• Perception of corruption in PA institutions stands at 81%. When asked about institutions controlled by Hamas in the Gaza Strip, 69% indicated that there is corruption in these institutions. Three months ago, 86% said there is corruption in PA institutions and 73% said there is corruption in public institutions controlled by Hamas.
  • 46% of West Bankers think people in the West Bank can criticize the PA without fear while 51% think they cannot. In the Gaza Strip, 48% think people in the Strip can criticize Hamas’ authorities without fear and 51% think they cannot.
  • In its assessment of the PA, a majority of the Palestinians (59%) views it as a burden on the Palestinian people while 36% view it as an asset for the Palestinian people. Three months ago, 57% viewed the PA as a burden and 38% viewed it as an asset.
  • 26% are optimistic and 72% are pessimistic about the success of reconciliation. Three months ago, optimism stood at 25%. When asked about the prospects for the implementation of the agreement reached in factional meetings sponsored by Algeria, only 26% expressed the belief that the agreement would lead to actual reconciliation while 67% expressed the belief that it will not lead to reconciliation.
  • After more than three years since the formation of the Shtayyeh government, findings indicate persistent pessimism. Responding to a question about expectations regarding the ability of the Shtayyeh government to make progress in reconciliation and reunification, 78% expect failure; only 18% expect success. When asked about the ability of the government to organize legislative or legislative and presidential elections in the West Bank and the Gaza Strip, 20% of the public expect success and 76% expect failure. In another question about the ability of the new government to improve economic conditions, a majority of 79% expects failure and 17% expects success.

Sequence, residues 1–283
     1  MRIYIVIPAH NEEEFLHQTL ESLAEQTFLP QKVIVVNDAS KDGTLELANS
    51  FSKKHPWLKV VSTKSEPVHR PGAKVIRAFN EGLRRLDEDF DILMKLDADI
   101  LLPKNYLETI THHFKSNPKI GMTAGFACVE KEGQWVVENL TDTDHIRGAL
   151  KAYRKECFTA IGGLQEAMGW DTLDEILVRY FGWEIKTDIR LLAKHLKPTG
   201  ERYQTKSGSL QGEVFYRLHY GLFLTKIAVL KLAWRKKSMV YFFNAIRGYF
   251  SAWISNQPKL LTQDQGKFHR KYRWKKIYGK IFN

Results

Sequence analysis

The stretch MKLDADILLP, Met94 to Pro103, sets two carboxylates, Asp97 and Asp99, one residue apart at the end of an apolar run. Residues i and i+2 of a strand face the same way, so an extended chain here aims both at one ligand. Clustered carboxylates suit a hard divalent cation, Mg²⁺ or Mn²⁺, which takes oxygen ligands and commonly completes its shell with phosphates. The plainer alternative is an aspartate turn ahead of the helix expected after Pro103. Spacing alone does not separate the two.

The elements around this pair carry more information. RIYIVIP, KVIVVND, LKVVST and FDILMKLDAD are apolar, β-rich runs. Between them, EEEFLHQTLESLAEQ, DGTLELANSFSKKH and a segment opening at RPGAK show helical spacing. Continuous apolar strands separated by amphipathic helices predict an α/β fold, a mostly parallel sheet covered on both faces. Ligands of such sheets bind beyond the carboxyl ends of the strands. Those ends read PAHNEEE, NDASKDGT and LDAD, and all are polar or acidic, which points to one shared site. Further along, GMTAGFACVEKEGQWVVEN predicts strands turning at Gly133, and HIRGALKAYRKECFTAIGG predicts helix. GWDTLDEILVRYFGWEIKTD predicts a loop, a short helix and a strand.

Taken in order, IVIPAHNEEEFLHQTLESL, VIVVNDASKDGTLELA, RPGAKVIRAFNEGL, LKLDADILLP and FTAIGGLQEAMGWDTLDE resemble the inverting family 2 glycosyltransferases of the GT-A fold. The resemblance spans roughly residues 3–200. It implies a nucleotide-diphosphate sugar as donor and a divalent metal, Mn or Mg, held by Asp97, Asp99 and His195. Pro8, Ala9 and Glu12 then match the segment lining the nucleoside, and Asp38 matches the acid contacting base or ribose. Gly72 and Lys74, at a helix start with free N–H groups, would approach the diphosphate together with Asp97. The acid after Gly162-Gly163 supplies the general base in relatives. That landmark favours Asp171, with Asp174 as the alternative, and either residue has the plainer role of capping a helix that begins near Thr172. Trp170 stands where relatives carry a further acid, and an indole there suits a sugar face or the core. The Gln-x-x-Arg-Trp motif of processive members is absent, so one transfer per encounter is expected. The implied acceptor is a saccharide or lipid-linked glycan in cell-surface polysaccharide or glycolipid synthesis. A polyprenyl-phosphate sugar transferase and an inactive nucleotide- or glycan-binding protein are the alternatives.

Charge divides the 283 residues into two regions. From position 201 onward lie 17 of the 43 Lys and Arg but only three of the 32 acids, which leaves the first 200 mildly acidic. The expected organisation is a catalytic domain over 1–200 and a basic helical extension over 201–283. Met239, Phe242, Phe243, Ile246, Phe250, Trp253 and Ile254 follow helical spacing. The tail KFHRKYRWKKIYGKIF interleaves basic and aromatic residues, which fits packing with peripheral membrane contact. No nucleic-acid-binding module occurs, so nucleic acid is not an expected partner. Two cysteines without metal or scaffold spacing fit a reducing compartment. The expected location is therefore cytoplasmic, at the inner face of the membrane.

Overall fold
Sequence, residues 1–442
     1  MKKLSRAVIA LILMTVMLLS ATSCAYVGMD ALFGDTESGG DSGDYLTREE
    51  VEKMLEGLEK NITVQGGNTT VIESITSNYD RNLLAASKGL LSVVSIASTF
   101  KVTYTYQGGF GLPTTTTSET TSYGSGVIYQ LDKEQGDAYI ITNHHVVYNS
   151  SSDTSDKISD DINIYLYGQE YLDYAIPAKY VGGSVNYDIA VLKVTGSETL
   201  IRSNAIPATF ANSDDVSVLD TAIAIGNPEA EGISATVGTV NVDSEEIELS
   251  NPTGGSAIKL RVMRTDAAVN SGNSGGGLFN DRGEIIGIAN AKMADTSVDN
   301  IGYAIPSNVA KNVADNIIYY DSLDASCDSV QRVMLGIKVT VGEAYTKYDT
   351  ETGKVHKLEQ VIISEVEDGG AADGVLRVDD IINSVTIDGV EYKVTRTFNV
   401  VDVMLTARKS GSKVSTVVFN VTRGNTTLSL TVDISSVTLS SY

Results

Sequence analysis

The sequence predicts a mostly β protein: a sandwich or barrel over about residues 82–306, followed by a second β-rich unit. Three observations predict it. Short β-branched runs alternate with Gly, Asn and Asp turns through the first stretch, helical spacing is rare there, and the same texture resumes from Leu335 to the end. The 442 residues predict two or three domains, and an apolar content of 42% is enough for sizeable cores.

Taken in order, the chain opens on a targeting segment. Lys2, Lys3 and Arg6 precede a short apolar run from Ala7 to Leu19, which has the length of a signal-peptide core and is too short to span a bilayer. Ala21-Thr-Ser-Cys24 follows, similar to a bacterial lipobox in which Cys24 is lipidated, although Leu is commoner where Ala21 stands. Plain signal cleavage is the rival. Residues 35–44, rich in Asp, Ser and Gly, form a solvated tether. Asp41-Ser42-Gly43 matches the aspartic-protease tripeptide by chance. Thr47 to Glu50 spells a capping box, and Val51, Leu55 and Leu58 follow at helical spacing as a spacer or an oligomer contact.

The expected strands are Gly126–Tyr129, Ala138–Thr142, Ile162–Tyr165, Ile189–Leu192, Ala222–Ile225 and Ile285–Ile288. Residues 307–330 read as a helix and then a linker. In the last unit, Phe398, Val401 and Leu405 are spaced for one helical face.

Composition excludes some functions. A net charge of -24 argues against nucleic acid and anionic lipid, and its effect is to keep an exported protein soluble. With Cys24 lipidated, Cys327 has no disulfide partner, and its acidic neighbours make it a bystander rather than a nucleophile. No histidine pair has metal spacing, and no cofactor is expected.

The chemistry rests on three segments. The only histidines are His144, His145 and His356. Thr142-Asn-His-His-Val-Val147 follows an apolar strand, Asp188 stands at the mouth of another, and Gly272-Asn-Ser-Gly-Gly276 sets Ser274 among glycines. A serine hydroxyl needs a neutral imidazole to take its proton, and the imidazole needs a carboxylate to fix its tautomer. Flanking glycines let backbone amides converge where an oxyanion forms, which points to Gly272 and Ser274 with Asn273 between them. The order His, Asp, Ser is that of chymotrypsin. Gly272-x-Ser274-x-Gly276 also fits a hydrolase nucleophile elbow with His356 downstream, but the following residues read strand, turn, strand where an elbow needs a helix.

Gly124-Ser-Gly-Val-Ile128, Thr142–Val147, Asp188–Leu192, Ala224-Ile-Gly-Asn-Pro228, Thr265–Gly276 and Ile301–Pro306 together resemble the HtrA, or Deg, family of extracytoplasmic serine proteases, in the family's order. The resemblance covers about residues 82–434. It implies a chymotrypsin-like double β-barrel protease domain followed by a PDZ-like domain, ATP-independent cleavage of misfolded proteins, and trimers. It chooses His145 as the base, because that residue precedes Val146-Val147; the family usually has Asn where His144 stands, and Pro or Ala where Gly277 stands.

• We asked the public about its TV viewership habits in the last three months. Findings indicate that al Jazeera TV has the highest viewership, standing at 31%, followed by Palestine TV (13%), al Aqsa TV (11%), Palestine Today TV (9%), Maan TV (6%), al Arabiya (3%), and al Mayadeen (2%). 

(5) Palestinian-Israeli Relations, the Peace process, and the decision to go to ICJ:

  • Support for the concept of the two-state solution stands at 32% and opposition stands at 66%. No description or details were provided for the concept. Three months ago, support for the concept stood at 37%.  
  • A majority of 69% believes that the two-state solution is no longer practical or feasible due to the expansion of Israeli settlements while 28% believe that the solution remains practical. Moreover, 72% believe that the chances for the creation of a Palestinian state alongside the state of Israel in the next five years are slim or nonexistence while 25% believe the chances to be medium or high. Three months ago, only 64% said the two-state solution was no longer feasible or practical due to settlement expansion.